Editor’s Note: We sent Jeremy a code for Chuck E Cheese’s Alien Defense Force as a joke and couldn’t stop him before he wrote about it. So, uh, here it is in all its glory. You don’t have to read this. Did you know we just did a Devil May Cry: DmC preview? You should read that instead.
Chuck E. Cheese’s name alone brings back a lot of memories for me — many of them involve eating pizza while some animatronic animals sang, while others involve awesome arcade action. Bucky ‘O Hare was a huge hit at my local location and it was hard to beat a Saturday afternoon that combined one’s love of greasy food and gaming with a minimum of hand-washing and an overload of soda. A good sugar rush comes in handy when playing Alien Defense Force because it’s a shooting gallery game — nothing but one in fact. That may conjure thoughts of Point Blank on the PSOne and DS, but this DSiware exclusive lacks the charm and variety that game had. That gave you many different things to shoot in a variety of ways. You could have a boss to shoot, or ducks, or hit only things of a certain color, crooks, and so on.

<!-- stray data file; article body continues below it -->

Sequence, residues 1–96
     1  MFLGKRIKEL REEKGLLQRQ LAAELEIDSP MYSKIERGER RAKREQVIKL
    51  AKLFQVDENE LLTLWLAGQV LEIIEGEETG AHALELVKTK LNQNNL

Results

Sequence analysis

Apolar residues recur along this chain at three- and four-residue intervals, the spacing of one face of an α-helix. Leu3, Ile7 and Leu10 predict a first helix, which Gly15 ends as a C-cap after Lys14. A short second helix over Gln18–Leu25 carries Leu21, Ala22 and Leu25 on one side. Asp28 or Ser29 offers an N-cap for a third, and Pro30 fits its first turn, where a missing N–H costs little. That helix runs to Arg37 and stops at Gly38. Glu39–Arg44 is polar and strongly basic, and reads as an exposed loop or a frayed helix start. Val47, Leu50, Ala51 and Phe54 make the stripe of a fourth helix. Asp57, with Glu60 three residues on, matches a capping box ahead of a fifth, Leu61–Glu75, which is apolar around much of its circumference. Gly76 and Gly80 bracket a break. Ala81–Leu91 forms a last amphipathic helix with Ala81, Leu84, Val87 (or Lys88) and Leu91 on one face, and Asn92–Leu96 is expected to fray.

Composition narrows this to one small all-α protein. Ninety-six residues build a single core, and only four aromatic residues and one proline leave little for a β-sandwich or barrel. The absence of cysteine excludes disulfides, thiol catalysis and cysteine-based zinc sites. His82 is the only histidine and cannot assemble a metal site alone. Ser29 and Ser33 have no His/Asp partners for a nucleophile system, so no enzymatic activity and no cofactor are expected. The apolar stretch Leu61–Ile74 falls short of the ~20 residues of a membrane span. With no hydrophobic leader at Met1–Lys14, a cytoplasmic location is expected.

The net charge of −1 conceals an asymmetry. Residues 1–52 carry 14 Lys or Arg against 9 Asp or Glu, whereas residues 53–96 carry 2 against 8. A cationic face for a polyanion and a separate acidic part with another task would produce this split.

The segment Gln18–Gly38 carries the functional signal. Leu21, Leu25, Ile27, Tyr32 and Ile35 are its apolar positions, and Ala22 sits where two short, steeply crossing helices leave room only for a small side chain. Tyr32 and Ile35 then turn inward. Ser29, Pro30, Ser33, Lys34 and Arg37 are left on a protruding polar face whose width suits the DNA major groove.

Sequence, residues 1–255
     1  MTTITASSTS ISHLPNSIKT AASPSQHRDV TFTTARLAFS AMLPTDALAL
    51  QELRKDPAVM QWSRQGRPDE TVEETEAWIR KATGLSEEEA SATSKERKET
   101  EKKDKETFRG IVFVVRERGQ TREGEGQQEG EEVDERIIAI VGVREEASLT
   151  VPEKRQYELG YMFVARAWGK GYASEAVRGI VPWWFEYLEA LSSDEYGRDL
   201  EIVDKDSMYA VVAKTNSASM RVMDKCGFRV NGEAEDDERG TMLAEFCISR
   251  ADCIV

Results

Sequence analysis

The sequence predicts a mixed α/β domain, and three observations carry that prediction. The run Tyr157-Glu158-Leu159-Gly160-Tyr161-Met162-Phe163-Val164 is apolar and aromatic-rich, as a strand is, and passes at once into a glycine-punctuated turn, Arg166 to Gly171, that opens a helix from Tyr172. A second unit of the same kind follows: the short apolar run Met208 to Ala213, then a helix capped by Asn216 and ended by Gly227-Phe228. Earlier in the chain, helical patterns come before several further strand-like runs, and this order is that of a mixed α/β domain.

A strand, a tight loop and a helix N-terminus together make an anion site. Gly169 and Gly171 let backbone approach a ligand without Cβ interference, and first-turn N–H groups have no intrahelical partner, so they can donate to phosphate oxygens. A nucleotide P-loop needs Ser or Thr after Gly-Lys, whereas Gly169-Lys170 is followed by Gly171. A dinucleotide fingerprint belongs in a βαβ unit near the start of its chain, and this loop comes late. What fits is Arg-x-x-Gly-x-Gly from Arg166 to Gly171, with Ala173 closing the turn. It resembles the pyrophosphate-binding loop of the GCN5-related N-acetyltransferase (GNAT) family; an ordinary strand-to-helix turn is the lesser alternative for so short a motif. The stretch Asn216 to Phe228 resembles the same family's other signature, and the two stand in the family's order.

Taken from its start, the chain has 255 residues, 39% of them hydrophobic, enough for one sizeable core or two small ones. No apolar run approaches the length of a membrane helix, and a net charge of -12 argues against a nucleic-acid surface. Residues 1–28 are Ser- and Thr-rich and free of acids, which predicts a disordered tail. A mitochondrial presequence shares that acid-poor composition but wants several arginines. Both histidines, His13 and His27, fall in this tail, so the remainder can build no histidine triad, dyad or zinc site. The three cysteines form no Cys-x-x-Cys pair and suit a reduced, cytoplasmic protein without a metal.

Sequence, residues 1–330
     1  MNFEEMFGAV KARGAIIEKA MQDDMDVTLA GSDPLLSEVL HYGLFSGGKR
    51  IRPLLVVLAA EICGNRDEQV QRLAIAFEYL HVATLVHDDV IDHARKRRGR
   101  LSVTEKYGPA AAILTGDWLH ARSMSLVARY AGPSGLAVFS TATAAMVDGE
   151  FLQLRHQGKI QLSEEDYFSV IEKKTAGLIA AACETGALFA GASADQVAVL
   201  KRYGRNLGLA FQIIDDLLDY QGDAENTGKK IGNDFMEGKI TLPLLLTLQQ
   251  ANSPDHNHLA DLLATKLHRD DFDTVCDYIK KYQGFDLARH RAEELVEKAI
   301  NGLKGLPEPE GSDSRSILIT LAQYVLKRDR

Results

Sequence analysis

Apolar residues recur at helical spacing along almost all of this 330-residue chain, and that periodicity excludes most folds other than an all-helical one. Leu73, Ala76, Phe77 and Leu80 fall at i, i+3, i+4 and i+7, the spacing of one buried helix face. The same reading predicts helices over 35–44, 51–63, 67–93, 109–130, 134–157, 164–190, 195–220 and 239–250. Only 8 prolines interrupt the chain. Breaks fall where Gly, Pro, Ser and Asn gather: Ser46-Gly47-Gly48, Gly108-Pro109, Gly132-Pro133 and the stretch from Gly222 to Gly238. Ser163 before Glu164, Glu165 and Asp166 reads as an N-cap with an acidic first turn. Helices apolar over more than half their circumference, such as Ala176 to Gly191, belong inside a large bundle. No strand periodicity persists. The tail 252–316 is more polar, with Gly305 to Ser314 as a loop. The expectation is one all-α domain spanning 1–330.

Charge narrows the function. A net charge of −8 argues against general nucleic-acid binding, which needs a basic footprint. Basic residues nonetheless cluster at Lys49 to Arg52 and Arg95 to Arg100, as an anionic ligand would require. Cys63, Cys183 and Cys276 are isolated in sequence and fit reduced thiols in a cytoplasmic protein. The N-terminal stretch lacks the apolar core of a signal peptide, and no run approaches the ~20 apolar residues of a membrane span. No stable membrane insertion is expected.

Here, you just shoot icons. Then you shoot enough and move onto another stage to…shoot more icons. Then you unlock YET ANOTHER STAGE, AND UNLOCK…a new background that lets you SHOOT ICONS IN IT. Even with being able to choose between a water pistol and water balloons, it’s a very one-note version of an already-limited concept. Alien Defense Force also lacks the whimsical music. Here, you’ve got grating generic fun-time tunes that will have you wishing for a second stylus – one to play the game with, and one to dig into your ear. You’ll probably just want to mute the game unless you’re really into learning ASL quickly, though. On the plus side, this game features a really creepy avatar of a mouse, which isn’t in Point Blank, and is at least a well-done shooting gallery game — there just isn’t a lick of variety to it. It’s better than a bad licensed game, but not very memorable, and will probably be quickly deleted from the systems of anyone whose age has reached double digits.